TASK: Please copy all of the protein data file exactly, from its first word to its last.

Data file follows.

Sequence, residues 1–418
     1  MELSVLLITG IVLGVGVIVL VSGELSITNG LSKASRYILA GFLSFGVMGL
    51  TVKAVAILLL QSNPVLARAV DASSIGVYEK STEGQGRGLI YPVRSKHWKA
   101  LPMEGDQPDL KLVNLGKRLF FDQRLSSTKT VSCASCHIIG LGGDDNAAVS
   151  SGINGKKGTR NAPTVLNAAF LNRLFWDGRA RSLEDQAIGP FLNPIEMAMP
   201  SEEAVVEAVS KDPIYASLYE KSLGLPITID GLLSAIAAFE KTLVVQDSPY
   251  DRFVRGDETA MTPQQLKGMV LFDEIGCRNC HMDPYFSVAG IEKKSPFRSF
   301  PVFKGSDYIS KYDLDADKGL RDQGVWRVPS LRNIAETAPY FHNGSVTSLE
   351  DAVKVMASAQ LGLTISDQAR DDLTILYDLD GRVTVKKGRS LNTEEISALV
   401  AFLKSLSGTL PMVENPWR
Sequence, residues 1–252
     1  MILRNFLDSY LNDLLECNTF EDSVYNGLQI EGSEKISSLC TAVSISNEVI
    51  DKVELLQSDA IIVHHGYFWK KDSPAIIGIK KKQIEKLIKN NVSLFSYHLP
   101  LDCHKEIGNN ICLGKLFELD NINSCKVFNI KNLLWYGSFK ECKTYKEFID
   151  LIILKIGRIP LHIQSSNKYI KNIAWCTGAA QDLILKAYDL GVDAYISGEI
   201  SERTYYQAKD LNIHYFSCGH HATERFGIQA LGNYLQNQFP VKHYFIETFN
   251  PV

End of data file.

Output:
Sequence, residues 1–418
     1  MELSVLLITG IVLGVGVIVL VSGELSITNG LSKASRYILA GFLSFGVMGL
    51  TVKAVAILLL QSNPVLARAV DASSIGVYEK STEGQGRGLI YPVRSKHWKA
   101  LPMEGDQPDL KLVNLGKRLF FDQRLSSTKT VSCASCHIIG LGGDDNAAVS
   151  SGINGKKGTR NAPTVLNAAF LNRLFWDGRA RSLEDQAIGP FLNPIEMAMP
   201  SEEAVVEAVS KDPIYASLYE KSLGLPITID GLLSAIAAFE KTLVVQDSPY
   251  DRFVRGDETA MTPQQLKGMV LFDEIGCRNC HMDPYFSVAG IEKKSPFRSF
   301  PVFKGSDYIS KYDLDADKGL RDQGVWRVPS LRNIAETAPY FHNGSVTSLE
   351  DAVKVMASAQ LGLTISDQAR DDLTILYDLD GRVTVKKGRS LNTEEISALV
   401  AFLKSLSGTL PMVENPWR
Sequence, residues 1–252
     1  MILRNFLDSY LNDLLECNTF EDSVYNGLQI EGSEKISSLC TAVSISNEVI
    51  DKVELLQSDA IIVHHGYFWK KDSPAIIGIK KKQIEKLIKN NVSLFSYHLP
   101  LDCHKEIGNN ICLGKLFELD NINSCKVFNI KNLLWYGSFK ECKTYKEFID
   151  LIILKIGRIP LHIQSSNKYI KNIAWCTGAA QDLILKAYDL GVDAYISGEI
   201  SERTYYQAKD LNIHYFSCGH HATERFGIQA LGNYLQNQFP VKHYFIETFN
   251  PV